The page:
This Argentinian River Is One Of The Most Dangerous Places On Earth

According to Science Focus, humanity will potentially reach a peak population of around 10 to 11 billion people, but it will probably have the resources to sustain these numbers. However, climate change will still be a factor, and so it is crucial we curtail the dangers of places like Argentina's Matanzas-Riachuelo river, which Only Natural Energy has deemed a "never-ending environmental disaster."

The Matanzas-Riachuelo has been a danger for centuries. Early tanneries and factories built alongside the river found it a convenient place to dump waste and as industrial technology has improved, this is still the case. "The Riachuelo river is still serving the function of drainage for the economic and human activities in the city of Buenos Aires and a large part of the Greater Buenos Aires," read a report from the Matanza Riachuelo Basin Authority to the Supreme Court in 2016. Efforts by the body to make the water safe have been very costly and largely fruitless.

The Associated Press reported in 2013 that hazardous levels of zinc, copper, chromium, lead, and arsenic are all present in the water. Approximately 3.5 million people live in its toxic shadow, 20,000 of whom have homes near the basin itself. Green Cross of Switzerland and Blacksmith Institute published a report (per Associated Press) stating that 80% of the river's water found in local wells was too dangerous to drink.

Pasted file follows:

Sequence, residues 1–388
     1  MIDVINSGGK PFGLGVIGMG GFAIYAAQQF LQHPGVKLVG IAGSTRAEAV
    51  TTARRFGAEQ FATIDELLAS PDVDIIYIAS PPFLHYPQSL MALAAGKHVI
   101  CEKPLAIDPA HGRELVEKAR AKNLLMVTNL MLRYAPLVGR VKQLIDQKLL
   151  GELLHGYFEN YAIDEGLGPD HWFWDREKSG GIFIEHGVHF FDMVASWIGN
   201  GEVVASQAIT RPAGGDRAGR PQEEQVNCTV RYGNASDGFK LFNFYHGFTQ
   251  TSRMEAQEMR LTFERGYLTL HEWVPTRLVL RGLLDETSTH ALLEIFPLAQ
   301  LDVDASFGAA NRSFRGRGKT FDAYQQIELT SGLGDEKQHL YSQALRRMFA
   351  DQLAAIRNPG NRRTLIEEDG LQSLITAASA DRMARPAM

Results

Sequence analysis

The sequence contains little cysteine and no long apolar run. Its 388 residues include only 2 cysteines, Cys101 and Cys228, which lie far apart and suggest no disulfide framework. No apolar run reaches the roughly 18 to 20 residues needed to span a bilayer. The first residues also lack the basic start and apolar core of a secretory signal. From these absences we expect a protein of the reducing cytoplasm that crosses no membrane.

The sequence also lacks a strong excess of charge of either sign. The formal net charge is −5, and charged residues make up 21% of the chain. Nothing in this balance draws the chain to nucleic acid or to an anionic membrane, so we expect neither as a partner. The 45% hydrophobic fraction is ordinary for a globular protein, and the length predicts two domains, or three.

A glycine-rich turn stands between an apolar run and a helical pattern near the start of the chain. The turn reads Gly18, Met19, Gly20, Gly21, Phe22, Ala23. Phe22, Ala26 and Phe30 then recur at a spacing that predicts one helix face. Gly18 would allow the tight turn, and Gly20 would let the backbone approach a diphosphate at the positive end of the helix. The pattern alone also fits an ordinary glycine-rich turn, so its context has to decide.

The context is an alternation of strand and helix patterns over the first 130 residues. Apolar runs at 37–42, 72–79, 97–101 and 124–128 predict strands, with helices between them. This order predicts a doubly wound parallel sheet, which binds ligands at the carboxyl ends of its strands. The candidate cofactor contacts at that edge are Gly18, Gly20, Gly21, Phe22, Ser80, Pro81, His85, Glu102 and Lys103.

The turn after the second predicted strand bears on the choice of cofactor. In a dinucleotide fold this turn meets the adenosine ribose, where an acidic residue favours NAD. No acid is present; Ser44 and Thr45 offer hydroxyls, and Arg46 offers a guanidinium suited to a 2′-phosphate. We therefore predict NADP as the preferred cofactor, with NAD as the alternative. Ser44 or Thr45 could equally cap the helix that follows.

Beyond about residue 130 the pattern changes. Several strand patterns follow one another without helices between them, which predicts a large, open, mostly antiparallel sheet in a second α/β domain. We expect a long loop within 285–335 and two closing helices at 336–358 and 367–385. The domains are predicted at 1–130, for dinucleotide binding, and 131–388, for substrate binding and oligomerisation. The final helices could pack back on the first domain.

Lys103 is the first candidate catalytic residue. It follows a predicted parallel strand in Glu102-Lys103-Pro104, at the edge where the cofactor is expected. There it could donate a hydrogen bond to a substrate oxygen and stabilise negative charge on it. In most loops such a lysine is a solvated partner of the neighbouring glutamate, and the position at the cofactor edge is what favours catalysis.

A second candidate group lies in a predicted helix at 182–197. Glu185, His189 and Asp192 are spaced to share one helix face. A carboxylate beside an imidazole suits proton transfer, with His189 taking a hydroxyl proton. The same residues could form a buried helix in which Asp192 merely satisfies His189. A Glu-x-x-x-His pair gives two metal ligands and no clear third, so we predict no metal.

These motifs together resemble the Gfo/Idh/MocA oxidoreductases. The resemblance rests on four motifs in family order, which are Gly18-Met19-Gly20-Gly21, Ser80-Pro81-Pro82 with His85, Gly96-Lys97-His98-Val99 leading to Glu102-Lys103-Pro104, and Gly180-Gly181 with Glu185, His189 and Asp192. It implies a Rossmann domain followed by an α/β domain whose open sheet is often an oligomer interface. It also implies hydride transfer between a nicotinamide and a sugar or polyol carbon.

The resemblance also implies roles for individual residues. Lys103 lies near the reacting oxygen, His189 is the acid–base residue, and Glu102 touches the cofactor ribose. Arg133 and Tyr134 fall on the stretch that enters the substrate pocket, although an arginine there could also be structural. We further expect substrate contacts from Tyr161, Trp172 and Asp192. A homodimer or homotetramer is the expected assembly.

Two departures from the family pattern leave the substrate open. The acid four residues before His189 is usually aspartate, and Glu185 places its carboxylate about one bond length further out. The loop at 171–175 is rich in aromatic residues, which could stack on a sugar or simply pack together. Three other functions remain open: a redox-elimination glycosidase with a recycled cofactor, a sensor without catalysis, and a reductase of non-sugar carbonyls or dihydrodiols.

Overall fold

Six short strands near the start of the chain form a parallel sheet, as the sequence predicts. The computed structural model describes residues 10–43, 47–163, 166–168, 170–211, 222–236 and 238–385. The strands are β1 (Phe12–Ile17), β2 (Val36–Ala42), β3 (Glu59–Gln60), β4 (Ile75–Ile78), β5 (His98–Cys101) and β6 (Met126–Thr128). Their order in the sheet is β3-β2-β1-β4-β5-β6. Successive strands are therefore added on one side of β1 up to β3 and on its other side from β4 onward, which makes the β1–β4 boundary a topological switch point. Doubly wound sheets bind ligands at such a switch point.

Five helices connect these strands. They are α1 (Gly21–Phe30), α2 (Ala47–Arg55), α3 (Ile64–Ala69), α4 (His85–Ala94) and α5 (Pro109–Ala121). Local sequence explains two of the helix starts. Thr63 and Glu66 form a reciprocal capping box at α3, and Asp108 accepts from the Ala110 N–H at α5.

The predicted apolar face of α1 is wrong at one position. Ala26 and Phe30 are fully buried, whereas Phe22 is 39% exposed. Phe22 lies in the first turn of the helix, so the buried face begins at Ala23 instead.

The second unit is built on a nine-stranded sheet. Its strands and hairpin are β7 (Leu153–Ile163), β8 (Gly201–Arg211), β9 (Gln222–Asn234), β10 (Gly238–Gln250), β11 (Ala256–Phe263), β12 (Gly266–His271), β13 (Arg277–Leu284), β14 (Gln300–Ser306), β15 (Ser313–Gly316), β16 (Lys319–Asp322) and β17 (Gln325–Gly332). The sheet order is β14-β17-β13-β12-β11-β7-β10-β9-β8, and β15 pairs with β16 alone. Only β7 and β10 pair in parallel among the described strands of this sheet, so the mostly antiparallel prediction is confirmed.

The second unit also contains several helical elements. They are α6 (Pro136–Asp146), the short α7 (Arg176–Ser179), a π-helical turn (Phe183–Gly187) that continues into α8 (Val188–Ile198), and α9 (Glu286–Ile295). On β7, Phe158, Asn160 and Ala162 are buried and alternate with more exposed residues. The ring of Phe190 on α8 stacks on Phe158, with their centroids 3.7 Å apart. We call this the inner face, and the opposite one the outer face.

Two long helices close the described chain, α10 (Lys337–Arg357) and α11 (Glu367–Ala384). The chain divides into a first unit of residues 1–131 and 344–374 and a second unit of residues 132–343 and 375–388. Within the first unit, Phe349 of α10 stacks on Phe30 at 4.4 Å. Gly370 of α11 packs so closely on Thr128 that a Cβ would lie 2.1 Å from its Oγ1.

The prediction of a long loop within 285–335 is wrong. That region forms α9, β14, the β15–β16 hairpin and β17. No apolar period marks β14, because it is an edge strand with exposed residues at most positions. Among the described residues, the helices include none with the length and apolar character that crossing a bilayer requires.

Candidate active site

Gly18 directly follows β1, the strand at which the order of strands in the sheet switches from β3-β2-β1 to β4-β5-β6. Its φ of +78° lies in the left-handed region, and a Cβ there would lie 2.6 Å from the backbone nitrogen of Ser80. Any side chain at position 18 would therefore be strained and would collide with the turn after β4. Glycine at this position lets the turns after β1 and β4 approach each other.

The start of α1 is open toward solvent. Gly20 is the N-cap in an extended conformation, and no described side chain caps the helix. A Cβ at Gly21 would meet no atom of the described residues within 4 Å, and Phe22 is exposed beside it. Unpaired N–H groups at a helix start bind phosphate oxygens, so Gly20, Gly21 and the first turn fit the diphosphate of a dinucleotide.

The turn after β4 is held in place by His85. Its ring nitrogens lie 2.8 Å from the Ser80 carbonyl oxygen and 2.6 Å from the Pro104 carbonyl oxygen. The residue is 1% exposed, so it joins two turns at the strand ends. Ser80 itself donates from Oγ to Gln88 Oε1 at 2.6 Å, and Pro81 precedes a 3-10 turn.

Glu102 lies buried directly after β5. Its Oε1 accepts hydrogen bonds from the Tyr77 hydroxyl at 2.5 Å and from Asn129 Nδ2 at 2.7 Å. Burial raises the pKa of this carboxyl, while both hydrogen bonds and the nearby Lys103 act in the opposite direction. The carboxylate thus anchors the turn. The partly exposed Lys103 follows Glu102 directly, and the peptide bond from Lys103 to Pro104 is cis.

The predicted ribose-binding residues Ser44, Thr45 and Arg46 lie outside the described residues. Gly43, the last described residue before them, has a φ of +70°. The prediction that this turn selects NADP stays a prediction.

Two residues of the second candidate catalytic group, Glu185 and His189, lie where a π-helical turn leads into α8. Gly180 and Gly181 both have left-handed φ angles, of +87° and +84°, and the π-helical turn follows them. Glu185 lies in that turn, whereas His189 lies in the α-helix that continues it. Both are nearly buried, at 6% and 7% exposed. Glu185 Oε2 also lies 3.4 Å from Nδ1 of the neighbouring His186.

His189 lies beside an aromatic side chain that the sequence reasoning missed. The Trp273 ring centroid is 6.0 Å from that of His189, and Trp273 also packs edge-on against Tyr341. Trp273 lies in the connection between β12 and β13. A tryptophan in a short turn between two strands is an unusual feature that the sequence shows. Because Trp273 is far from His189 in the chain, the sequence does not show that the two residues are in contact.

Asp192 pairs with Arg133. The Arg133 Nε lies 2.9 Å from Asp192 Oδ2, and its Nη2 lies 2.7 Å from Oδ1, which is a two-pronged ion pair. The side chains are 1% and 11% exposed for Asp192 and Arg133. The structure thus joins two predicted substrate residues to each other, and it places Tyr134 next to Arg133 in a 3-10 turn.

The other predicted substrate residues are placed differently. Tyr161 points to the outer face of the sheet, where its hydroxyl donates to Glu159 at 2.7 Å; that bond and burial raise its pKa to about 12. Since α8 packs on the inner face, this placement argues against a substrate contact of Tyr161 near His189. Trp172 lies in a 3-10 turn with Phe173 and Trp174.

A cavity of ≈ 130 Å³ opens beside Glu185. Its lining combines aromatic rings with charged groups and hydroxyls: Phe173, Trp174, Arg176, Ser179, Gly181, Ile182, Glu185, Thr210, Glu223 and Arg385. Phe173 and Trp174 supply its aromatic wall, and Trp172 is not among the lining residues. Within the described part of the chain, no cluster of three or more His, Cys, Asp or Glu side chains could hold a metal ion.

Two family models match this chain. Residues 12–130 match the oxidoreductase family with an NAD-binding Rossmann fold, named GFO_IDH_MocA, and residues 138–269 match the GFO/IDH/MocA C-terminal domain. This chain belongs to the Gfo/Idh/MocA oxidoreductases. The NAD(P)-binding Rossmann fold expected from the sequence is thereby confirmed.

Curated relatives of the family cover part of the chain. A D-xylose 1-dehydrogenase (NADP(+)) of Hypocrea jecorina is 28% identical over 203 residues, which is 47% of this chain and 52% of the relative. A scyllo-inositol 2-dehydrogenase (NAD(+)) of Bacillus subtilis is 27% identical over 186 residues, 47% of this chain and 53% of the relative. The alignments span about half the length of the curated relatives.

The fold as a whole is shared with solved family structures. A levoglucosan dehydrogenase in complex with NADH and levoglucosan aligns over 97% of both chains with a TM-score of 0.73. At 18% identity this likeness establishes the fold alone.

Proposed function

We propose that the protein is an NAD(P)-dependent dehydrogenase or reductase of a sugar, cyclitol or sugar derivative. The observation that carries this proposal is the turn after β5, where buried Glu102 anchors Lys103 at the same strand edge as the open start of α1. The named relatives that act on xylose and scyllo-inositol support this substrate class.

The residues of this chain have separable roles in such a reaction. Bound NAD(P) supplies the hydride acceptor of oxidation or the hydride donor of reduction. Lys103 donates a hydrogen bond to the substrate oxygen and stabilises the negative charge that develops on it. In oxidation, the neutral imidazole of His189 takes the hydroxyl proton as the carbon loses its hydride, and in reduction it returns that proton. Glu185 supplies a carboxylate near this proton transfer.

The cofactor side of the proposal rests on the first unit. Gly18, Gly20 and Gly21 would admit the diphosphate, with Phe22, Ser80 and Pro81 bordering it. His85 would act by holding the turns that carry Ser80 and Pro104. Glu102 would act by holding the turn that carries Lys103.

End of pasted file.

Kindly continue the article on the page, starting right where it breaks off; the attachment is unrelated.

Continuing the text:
Dangerous levels of toxic substances

The authorities have not made much headway in cleaning up the dangerous river, despite the government pouring vast sums of money into the mammoth task. In a period between 2008 and 2016, per Only Natural Energy, Argentinian authorities told the Supreme Court that an eye-watering $5.2 billion dollars had been designated for the task.

La Boca is the area in Buenos Aires where the river meets the Rio de la Plata estuary. Raúl Estrada Oyuela is an environmentalist on the Association of La Boca and reported (per Only Natural Energy) that the only progress has been "clean[ing] up the riverbanks a little and [removing] many of the boats that had sunk decades ago." The pollution affects not only the water but the entire surrounding area, Oyuela argued. He believes that authorities are loath to address this "because that would mean affecting the interests of the industries ... which ... would have to make important investments if they were forced to switch to a clean production system." Until a solution is found, the river will remain one of the most dangerous places in the world.